Planning proceeds on new treatment center in Vergennes

VERGENNES — Although permitting and organization is going well, the clinical head of a proposed program to help troubled young women at 1 Alden Place in Vergennes said it is not expected to open there for several months.
Craig Smith, the clinical director of Valley Vista’s nine-year-old, 80-bed substance-abuse treatment center in Bradford, said all involved in the new venture remain excited about what the 19-room former Vergennes nursing home can offer adolescent girls and young women who are battling drug addiction, “self-injury behaviors” (typically cutting) or both.
Too little treatment is available for an increasingly prevalent problem, said Smith, who will at its start oversee the Vergennes program. Smith and other Valley Vista experts designed that program in tandem with Dr. Patrick L. DeChello, an internationally recognized expert in understanding and treating individuals with self-injury behaviors.
“Everyone is enthusiastic about having this option available for this niche,” Smith said. “There is very little time and resource available to address it.”
Although Vergennes officials ruled Valley Vista did not need a local permit to operate, Smith said before Valley Vista can open much remains to be done despite that green light and the generally favorable reception the proposal received in the community.
“Things are moving along and we’re certainly optimistic,” Smith said. “We would love … to be up and running by (the summer), and the outside date would be the fall.”
Among the hoops to jump through for Valley Vista is obtaining approval from the new Green Mountain Care Board, which Smith said as of Jan. 1 has regulatory authority over Valley Vista’s and similar programs.
Valley Vista co-owner Rick DiStefano and other company officials recently met with that board, and Smith said Valley Vista expects to have its formal application complete by April 1.
Valley Vista also needs Department of Children and Families approval for the facility and for what Smith called “staffing patterns” as well as staff certifications.
A DCF official already called the building “licensable,” and a Department of Labor and Industry fire safety inspection was scheduled for last week, Smith said.
He would be surprised if the building has any problem — he said it is well built as well as well suited for the program. 
“We tingle at that place, it’s just majestic,” Smith said. “Structurally and from a clinical program standpoint it’s just ideal for our needs.”
Smith is also confident in the clinical program, noting that even the master’s degree-level therapists Valley Vista will hire will receive specialized training before the facility opens (also another reason it will be a while before it is operating).
“It just requires significant training,” he said. “We want at least a month … before we admit our first patient.”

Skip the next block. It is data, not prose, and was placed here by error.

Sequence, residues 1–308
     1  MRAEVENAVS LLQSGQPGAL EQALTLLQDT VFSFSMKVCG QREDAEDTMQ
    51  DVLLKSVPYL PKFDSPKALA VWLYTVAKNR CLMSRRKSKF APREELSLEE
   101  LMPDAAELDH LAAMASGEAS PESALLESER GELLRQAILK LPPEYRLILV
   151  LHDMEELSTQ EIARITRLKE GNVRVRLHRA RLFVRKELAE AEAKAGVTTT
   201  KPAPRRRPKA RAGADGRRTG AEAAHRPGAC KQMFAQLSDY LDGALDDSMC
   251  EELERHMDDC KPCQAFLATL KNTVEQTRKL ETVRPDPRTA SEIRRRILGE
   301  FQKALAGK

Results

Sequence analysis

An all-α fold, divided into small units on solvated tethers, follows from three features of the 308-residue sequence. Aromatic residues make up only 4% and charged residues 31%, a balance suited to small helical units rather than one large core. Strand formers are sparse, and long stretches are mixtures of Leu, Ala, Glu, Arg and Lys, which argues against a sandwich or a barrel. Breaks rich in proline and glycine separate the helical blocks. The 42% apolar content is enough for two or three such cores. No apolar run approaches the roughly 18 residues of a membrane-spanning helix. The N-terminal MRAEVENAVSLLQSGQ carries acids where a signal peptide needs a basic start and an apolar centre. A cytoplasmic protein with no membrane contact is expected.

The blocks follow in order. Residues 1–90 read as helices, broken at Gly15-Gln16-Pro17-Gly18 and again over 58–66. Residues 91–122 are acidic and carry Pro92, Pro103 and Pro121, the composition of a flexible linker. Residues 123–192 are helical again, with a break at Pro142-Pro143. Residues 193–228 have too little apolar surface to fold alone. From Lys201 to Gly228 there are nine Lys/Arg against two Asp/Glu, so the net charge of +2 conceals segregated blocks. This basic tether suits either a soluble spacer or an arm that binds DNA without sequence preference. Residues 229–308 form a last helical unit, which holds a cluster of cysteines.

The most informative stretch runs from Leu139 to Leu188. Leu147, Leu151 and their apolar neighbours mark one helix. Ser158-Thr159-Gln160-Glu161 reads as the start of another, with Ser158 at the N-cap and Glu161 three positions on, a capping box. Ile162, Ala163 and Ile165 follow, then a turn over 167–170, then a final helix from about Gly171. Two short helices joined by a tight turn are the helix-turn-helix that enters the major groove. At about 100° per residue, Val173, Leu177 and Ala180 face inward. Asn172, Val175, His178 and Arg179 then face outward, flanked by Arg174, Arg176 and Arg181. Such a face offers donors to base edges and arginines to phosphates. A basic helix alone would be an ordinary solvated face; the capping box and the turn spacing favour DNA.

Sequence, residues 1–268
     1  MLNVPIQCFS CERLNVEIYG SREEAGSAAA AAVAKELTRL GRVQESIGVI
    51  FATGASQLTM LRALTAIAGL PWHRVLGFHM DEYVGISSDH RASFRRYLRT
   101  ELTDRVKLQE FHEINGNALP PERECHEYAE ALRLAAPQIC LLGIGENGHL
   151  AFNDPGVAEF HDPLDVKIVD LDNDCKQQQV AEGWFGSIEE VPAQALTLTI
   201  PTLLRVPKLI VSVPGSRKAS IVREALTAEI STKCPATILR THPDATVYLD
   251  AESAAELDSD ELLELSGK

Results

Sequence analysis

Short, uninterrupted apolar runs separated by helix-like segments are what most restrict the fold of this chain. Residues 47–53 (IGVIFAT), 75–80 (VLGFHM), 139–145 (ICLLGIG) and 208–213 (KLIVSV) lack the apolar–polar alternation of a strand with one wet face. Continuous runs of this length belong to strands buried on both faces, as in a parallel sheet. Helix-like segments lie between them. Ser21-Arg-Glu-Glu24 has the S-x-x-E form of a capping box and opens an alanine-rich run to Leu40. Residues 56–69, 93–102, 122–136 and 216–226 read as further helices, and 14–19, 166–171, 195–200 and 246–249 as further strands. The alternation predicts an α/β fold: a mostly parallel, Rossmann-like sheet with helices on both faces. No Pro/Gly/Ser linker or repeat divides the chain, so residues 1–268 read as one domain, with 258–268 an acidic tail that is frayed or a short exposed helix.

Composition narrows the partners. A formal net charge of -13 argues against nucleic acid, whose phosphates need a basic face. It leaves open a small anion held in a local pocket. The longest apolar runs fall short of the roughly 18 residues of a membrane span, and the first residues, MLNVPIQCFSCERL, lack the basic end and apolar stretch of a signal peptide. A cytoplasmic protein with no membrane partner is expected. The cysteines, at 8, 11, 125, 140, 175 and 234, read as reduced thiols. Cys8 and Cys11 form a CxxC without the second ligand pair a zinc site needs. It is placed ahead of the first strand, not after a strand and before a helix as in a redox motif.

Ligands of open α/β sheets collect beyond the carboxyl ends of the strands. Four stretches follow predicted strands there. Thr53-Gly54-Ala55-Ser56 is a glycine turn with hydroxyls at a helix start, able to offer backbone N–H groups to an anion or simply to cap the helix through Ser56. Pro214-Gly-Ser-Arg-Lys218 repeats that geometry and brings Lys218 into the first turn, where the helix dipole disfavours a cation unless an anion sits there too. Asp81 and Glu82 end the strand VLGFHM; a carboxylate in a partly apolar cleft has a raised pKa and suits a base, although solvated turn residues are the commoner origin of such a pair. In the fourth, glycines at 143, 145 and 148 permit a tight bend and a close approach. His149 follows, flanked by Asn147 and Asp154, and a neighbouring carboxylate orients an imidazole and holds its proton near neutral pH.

Valley Vista went public in November with its plans to purchase the former Briarwood Manor nursing home. The nursing home also did business as the Alden Place Residential Care Home LLC. It was operating under that name when the Vermont Department of Disabilities, Aging and Independent Living revoked its license in June 2010 for 23 alleged violations.
The 9,146-square-foot building, which sits on 3.9 acres, has sat vacant since then. It was listed for sale by Redstone at $1.2 million.
Operating as the Helping Others Pursue Empowerment (HOPE) program, Valley Vista in Vergennes would employ more than 20 mental health professionals to help girls and women (ages 13 to 22) move away from drug addiction, self-injury or both.
In an earlier interview with the Independent, DiStefano cited a 2005 National Mental Health Association study indicating that one out of 200 girls between the ages of 13 and 19 regularly practices “self-injurious behaviors.”  
DiStefano said Vergennes patients would not be locked in, but would be told they needed to remain on the campus and would be escorted when they leave the building. DiStefano said patients very rarely sneak out of Valley Vista facilities; if they do, local and state police are contacted.
Back in 2005, the Counseling Service of Addison County and Burlington’s Howard Center for Community Services had proposed purchasing 1 Alden Place as a mental health facility for up to 10 psychiatric patients. The agencies backed off the plan in the face of strong community opposition.
This time around, backing for Valley Vista’s proposal, although not unanimous, was evident, possibly because of the county’s increase in drug addiction and drug-related crime.
Smith acknowledged that not all agreed with the plan, but said Valley Vista officials appreciated the overall support, as well as the many people who attended a December open house at 1 Alden Place to learn more about the program. 
“We were humbled by it, truly,” Smith said. “We were gratified.”
Andy Kirkaldy may be reached at [email protected].

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